Hao Jingfang Analysis

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Thesis: Through the analysis of Mu Shiying’s “Five in a Nightclub”, and Hao Jingfang’s “Folding Beijing”, one can see how the writer’s use of cross-cultural literary devices, and accurate portrayals of social landscapes and anxieties come together to make both works essential to the study of Modern Chinese Literature.
1) Both Mu Shiying and Hao Jingfang utilize the literary device of repetition throughout the respective works. The use of repetition has the effect of reinforcing the themes that underlie the text.
- Throughout “Folding Beijing”, Lao Dao is extremely aware of time – both in his awareness of the amount of time that has passed, as well as the amount of time necessary to complete tasks. Hao makes Lao Dao’s “fixation” apparent through
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However, this new world is built upon unjust social hierarchies and inequality.
- Daisy Huang’s obsession over aging and its perceived disastrous effects on her beauty, personifies the conflict between old and new, as she equates the aging process with destruction and disposal, and views herself as increasingly worthless with each day that passes; the older she gets, the more worthless she feels.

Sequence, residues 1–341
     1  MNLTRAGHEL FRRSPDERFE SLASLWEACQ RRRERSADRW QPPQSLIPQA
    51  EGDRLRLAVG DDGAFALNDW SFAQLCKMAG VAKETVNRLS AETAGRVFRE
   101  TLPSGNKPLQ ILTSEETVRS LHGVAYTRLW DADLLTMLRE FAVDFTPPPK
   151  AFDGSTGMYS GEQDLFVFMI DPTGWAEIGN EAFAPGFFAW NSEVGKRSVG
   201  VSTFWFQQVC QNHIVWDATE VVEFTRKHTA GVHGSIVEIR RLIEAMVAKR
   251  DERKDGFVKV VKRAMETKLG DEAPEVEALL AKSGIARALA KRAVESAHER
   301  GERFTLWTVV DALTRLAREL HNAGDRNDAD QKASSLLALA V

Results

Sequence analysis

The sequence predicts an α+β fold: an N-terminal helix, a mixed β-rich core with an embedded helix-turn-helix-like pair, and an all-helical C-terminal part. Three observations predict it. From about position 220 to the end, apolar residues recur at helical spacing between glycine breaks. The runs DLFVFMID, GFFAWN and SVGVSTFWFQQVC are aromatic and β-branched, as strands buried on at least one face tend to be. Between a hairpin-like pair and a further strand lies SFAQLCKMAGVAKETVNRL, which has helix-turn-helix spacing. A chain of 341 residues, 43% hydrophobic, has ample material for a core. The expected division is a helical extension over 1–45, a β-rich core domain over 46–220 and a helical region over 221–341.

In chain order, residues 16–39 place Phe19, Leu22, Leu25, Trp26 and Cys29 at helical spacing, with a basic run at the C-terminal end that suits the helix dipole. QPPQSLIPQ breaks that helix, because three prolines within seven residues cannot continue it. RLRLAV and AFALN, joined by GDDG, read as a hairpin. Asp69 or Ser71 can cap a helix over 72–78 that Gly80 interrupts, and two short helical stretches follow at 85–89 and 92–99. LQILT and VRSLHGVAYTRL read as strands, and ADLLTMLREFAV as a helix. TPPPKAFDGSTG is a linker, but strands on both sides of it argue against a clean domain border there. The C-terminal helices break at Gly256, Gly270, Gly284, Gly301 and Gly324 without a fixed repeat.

3) Modernity is often associated with feelings of anxiety that stem from the never-ending waves of change that occurs throughout society. Individuals often experience feelings of isolation, disorientation, and overall sense of being “lost in life”; these feelings are explored in both the short stories of Mu Shiying and Hao Jingfang.
- Near the end of the story, the five characters come to realize that “they were in the clutches of a strange blend of fear and loneliness” (Mu 55).
La Dao experiences extreme isolation and disorientation while in the First Space, and he lives a life that is confined within the boundaries and limitations of the Third Space, these feelings of entrapment reach a climax when the earth literally swallows and crushes him during the Change (Hao
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